130F, you have stored:

    (50 gal) (8.3lb/gal)(130F - 80F) (1 BTU/lb-F) = 21000 BTU

This is equivalent to about a quarter gallon of propane -- i.e. not an
awful lot.

I am curious about your statement "I want radiant heat from the tin
roof".  What kind of experience have you had with this?  Does the inside
of the metal roof face a living area, or an attic area (i.e. does the
radiant heat warm up people or attic air)?  In your experience, has this
been a good way to heat?

Gary



Posted by Brian Graham on June 25, 2004, 9:01 pm
 Hi Gary,

  Thanks for your response..


pumped through the collector, it may reach temperatures that are higher
than the plastic pipe and plexiglass can withstand.<<<

Which begs the question, what is the melting point of Plexiglass, and the
plastic hose? Does anyone know this?


the inside of the  metal, there will be quite a bit of heat loss, and this
should help limit the maximum temperature. <<<


I was looking for radiant heat from the tin roof to heat the coil from the
backside, in addition to the heating from the sun. You are suggesting that I
would capture more heat in a sealed and insulated unit, as opposed to collecting
the heat from the tin roof. I'll have to think about that one some more..


130F, you have stored:

    (50 gal) (8.3lb/gal)(130F - 80F) (1 BTU/lb-F) = 21000 BTU

This is equivalent to about a quarter gallon of propane -- i.e. not an
awful lot. <<<

Well, if I heat the water to the point where the electric element in my hot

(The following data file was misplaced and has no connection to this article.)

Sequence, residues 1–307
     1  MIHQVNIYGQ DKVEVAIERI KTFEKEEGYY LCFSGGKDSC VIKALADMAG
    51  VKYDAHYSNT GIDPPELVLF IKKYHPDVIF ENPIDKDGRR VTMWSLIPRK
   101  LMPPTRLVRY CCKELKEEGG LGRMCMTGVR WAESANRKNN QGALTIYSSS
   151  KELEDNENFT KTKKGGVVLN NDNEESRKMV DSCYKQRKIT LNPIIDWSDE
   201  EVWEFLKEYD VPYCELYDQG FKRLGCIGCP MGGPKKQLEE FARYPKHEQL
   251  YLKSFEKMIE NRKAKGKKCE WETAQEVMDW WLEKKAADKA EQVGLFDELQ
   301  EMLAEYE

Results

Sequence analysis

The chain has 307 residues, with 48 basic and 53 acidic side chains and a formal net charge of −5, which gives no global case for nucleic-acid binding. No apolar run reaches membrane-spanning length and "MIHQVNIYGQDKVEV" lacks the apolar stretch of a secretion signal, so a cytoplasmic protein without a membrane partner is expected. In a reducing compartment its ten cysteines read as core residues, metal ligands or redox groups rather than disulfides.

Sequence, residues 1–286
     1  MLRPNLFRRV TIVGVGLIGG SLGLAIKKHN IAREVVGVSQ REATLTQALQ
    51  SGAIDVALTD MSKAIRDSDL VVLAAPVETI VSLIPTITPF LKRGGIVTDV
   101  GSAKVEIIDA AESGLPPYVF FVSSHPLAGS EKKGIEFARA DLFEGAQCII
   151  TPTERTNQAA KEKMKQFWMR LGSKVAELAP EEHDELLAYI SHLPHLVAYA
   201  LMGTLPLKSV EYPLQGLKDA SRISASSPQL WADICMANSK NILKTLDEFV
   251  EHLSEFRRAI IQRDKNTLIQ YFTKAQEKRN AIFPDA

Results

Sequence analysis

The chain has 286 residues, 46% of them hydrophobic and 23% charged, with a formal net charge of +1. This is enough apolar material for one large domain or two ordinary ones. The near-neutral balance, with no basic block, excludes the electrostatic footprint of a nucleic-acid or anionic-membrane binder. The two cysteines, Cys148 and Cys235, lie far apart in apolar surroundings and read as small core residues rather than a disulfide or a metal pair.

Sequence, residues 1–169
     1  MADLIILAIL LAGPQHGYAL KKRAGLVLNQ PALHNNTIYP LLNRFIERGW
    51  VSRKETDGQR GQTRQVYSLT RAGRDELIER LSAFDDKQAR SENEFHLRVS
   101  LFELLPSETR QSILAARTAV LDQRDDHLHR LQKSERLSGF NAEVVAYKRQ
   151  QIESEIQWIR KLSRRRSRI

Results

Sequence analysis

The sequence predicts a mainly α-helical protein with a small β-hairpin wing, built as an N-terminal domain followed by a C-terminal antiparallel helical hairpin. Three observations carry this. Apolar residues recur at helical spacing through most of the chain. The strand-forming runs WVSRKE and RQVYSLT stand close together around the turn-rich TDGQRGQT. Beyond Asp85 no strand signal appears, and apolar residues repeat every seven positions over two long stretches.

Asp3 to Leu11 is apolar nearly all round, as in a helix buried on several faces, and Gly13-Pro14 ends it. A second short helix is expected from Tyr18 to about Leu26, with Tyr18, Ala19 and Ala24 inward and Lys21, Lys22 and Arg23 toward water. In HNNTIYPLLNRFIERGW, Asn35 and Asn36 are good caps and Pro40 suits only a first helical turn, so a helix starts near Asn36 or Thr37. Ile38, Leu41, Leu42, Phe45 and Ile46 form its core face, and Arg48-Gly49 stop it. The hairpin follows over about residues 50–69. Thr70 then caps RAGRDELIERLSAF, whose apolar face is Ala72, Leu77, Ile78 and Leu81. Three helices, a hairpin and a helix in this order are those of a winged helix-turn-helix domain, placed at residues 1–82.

water heater no longer comes on, its enough.  ;-)


roof".  What kind of experience have you had with this?<<<

Its like sitting on the hood of your car mid-summer with only shorts on. You're
going to burn something!  Likewise, a tin roof is HOT in the summer. So I wanted
to collect heat from the roof, in addition to directly from the sun. A
plexiglass top to cut the wind. I guess the solution might be to use the roof as
the backing. Hmmm. :-)


(i.e. does the radiant heat warm up people or attic air)?  In your experience,
has this been a good way to heat? <<<


Attic. And you don't want to be in it in the heat of the day. And I live in
Canada, so it would be worse where the sun REALLY shines!

Posted by Gary on June 26, 2004, 1:22 am
 Brian Graham wrote:

plastic hose? Does anyone know this?

Acrylic (e.g. Plexiglass)  is listed as 125 to 200F
Polycarbonate (e.g. Lexan) is listed as 250 to 270F


the

inside of the  metal, there will be quite a bit of heat loss, and this
should help limit the maximum temperature. <<<

backside,

in addition to the heating from the sun. You are suggesting that I would
capture

more heat in a sealed and insulated unit, as opposed to collecting the
heat from the

tin roof. I'll have to think about that one some more..

I actually thought that you were trying to heat the space on the OTHER
side of the tin roof via radiant heat.
If the tin is a dark color, it would absorb heat well, and some of this
would transfer to the pipe via radiation and by heating the air in the
collector.   If you insulated the BACK side of the tin, it would reach a
higher temperature, and transfer more heat to the pipe.
But, in this case I think you will be over the temperature capability of
plexiglass or typical plastic pipe.  An glazed and insulated collector
will probably get to 200F or more on occasion -- especially if you are
not removing heat by pumping water through (and its hard to guarantee
that the circulation pump will always be working).


water heater no longer comes on, its enough.  ;-)

You're going to burn

something!  Likewise, a tin roof is HOT in the summer. So I wanted to
collect heat from the

roof, in addition to directly from the sun. A plexiglass top to cut the
wind. I guess the solution

might be to use the roof as the backing. Hmmm. :-)

(i.e. does the radiant

heat warm up people or attic air)?  In your experience, has this been a
good way to heat? <<<

Canada, so it would be worse where the sun REALLY shines!